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Royal Commission probes Cbus over CFMEU privacy leaks

Super fund accused of siphoning account information to union staffers

Internet Security Threat Report 2014

Australia's Royal Commission into union corruption will today examine if superannuation firm Cbus breached the Privacy Act by supplying customer account details to the Construction, Forestry Mining and Energy Union (CFMEU) as part of an alleged union campaign.

It has been alleged that Cbus supplied private information on 300 members to the Construction, Forestry, Mining and Energy Union (CFMEU) in breach of the since reformed Privacy Act.

Commissioner and former high court justice John Dyson Heyden QC said the Commission would examine whether any breaches were systemic.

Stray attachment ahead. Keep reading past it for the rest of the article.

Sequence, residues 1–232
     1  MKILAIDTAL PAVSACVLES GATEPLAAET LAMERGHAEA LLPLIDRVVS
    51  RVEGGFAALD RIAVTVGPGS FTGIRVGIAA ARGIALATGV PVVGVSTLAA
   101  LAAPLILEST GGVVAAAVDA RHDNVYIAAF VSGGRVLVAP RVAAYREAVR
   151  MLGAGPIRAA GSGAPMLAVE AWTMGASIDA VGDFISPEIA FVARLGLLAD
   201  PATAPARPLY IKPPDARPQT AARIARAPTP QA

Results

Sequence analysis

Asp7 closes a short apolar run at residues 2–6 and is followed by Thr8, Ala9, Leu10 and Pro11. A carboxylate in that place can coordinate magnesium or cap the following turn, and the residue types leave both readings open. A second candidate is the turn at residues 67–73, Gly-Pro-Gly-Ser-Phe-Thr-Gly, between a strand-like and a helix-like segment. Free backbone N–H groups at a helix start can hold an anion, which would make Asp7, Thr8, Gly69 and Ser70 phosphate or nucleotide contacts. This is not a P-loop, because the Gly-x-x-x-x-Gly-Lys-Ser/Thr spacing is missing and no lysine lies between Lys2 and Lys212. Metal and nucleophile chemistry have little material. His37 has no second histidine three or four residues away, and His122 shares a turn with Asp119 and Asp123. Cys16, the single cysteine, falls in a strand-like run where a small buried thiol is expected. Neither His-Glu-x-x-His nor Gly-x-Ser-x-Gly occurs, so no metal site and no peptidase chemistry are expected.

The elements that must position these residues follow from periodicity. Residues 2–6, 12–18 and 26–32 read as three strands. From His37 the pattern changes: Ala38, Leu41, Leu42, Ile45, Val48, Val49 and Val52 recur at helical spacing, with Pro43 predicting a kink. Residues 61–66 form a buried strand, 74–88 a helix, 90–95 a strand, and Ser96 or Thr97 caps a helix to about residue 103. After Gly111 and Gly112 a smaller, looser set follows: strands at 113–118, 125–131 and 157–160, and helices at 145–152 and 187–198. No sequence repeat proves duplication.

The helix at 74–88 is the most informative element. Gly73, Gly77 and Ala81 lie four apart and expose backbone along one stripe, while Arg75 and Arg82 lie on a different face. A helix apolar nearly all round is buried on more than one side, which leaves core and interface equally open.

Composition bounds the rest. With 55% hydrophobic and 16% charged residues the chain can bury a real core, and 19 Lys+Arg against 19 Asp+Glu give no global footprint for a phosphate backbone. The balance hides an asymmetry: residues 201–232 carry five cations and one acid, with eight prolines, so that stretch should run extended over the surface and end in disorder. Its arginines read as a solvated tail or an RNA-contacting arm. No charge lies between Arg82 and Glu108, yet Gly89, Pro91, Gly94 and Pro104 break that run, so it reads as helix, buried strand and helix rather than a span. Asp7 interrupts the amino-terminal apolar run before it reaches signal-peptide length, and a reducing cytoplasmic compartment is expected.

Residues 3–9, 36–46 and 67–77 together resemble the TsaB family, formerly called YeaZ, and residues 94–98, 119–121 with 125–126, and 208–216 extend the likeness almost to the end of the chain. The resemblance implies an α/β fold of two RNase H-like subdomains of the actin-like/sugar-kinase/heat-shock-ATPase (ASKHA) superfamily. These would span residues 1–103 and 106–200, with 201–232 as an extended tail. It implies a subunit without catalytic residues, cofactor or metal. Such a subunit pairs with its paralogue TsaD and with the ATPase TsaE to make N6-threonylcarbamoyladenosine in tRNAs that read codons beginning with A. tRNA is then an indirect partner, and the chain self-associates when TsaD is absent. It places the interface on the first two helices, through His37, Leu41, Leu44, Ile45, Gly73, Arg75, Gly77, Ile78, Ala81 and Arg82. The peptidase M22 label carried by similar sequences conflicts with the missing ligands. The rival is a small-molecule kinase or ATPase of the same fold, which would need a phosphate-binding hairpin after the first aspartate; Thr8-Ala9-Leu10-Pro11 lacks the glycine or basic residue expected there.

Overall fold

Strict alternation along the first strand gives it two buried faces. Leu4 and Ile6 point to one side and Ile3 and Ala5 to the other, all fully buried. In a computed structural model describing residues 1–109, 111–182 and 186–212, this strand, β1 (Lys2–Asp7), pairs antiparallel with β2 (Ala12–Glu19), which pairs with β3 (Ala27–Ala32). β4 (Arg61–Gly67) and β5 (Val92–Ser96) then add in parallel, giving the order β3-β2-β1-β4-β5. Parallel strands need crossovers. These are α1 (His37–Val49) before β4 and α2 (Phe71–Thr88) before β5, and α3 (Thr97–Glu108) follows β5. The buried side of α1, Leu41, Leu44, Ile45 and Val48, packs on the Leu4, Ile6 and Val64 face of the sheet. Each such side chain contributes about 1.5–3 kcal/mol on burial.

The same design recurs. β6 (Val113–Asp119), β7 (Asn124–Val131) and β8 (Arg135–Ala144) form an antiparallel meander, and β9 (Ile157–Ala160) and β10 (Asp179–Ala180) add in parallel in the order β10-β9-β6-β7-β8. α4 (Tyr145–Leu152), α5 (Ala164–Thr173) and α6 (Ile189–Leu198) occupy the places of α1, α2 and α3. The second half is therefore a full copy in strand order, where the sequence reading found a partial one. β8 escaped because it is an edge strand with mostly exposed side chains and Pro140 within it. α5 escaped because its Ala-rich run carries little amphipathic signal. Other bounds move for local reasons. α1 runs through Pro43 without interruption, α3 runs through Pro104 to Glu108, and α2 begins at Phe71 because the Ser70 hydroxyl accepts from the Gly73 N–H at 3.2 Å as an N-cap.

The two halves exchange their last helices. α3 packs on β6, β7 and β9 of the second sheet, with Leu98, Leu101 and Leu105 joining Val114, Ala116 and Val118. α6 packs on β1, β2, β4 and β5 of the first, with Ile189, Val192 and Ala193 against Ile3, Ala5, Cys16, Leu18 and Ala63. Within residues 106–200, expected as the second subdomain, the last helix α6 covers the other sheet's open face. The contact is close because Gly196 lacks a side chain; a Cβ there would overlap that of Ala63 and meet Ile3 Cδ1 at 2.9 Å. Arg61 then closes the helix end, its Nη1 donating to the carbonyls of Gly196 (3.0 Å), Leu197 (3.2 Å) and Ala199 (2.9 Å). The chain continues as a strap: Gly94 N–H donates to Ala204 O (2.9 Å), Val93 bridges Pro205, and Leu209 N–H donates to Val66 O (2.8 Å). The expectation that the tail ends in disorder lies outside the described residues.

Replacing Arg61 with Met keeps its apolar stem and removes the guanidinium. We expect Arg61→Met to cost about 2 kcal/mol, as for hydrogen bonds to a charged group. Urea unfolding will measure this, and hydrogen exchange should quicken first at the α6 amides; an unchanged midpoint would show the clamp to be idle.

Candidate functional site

"[Three outstanding] questions include whether private information was disclosed without consent," Hayden said in opening remarks broadcast on ABC News Radio today.

"If Cbus took the position to release information for the purposes of unpaid superannuation contributions.

"And whether it was a one off or whether it was systematic."

The Commission followed a probe by Federal Privacy Commissioner Timothy Pilgrim into the breaches reported by Fairfax Media, which alleged personal details of 306 members and employees of construction company Lis-Con were leaked by senior Cbus employee Steve Gaske. It also included a conspiracy between a Cbus staffer and NSW CFMEU secretary Brian Parker to leak a further 400 employee records.

Instead of sending limited personal details on the few dozen requested records, Gaske was alleged to have sent full names, dates of births, super contributions and employment details on the members.

An internal inquiry by Cbus had already confirmed the Gaske leak which was followed by "remedial training", Fairfax reported.

Internal documents showed one breach in July last year was made after a Queensland construction company asked for details on then sub-contractor Lis-Con. ®

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